Obama administration approves transition of Internet domain system

Obama administration approves transition of Internet domain system
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The Department of Commerce gave its approval Thursday to a hotly debated plan to transition away from United States control of the domain name system.

“The Internet’s multistakeholder community has risen to the challenge we gave them to develop a transition proposal that would ensure the Internet’s domain name system will continue to operate as seamlessly as it currently does,” Larry Strickling, who heads the agency’s National Telecommunications and Information Administration (NTIA), said in a statement.

The domain name system helps direct users easily around the web by connecting numerical addresses with the names — like Google.com — consumers associate with websites.

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Strickling told reporters that “we have determined that the proposal in meeting our criteria has broad support from the Internet stakeholders, it will support and enhance the multistakeholder model, it will maintain the security, stability and resiliency of the domain name system, it will meet the needs and expectations of the global customers and partners of the IANA functions and it maintains the openness of the Internet.”

“And most importantly, the proposal meets another key condition and that is it does not replace NTIA’s role with a governmental or intergovernmental solution.”

For years, the United States has controlled the domain name system through a contract it has with a nonprofit, the Internet Corporation for Assigned Names and Numbers (ICANN). The Obama administration initiated steps in 2014 to hand over control to an international group of stakeholders.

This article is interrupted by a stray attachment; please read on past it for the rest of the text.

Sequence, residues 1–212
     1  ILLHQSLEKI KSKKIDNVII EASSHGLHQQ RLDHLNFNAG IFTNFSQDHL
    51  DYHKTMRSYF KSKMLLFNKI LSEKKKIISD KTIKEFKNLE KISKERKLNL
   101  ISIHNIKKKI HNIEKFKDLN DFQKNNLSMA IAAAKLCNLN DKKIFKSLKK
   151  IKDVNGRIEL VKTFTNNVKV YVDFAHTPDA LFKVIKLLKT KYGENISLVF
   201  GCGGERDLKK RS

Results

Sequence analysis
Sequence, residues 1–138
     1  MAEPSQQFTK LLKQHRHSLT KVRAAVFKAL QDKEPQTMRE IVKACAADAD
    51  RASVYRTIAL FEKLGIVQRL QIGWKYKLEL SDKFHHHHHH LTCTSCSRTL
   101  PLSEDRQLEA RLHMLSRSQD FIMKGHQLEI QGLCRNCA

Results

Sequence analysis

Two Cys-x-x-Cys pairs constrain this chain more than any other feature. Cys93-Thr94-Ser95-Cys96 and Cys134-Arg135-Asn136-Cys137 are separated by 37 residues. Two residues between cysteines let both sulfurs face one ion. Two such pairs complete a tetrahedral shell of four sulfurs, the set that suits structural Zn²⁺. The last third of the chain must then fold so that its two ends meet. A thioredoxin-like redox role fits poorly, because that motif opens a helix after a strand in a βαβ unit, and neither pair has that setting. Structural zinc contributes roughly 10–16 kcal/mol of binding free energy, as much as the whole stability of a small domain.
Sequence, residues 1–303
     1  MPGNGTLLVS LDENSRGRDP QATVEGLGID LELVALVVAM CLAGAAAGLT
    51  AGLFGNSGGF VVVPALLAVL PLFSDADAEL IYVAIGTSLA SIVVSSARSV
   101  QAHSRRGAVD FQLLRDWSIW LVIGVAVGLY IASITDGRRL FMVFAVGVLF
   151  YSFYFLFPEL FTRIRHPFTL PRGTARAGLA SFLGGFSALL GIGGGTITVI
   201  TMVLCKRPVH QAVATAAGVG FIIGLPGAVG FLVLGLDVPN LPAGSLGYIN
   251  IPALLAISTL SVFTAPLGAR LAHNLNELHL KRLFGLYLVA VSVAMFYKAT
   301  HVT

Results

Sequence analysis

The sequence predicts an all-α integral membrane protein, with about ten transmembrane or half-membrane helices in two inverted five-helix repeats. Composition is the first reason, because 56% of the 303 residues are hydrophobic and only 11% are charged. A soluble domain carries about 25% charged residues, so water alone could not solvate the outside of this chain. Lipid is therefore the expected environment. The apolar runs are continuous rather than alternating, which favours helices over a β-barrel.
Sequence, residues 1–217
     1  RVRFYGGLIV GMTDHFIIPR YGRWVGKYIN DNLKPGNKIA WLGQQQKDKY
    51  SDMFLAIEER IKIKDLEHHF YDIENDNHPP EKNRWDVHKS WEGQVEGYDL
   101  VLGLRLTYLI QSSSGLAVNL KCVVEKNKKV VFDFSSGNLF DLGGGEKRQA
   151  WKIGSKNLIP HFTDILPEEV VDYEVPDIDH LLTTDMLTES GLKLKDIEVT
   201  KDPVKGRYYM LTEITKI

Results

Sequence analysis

Now that the Department of Commerce has signed off on the plan, provided to the agency in March, ICANN has until August to address some issues raised by its review. The contract expires at the end of September, and Strickling said the agency would consider in “early August" whether it needs to be extended.

It’s a critical step in a transition that has been a source of significant controversy. Several tech groups support the proposal. But conservative critics of the transition say that it stands to be handled poorly or place control of a key part of the Internet in the hands of unfriendly governments.

Sen. Ted CruzRafael (Ted) Edward CruzO'Rourke receives invite to visit Iowa from Democratic Party in Des Moines O'Rourke and Cruz run into each other at Texas airport Texas congresswoman-elect says she would ‘love’ to see Beto run in 2020 MORE (R-Texas), who recently dropped out of the presidential race, introduced a bill on Wednesday that would prohibit the government from handing over control over the domain name system without Congress’s authorization. Another, less strict, bill was gaining ground last year before Cruz put a hold on it.

Lawmakers have also placed a funding restriction on the transition, but Strickling said that will only matter if the restriction extends into the next financial year.

“The transition would not take place prior to the end of this fiscal year, and so we will see what the situation will be for 2017,” he said.

“As of now the contract would expire on its own terms at the end of September,” he added. “That doesn’t require any affirmative action on our part but we are working with Congress and want to get them comfortable with our assessment of this plan and hopefully that won’t be an issue when we get to the end of September, provided ICANN’s done its work and is ready to go.”

—This story was updated at 11:49 a.m.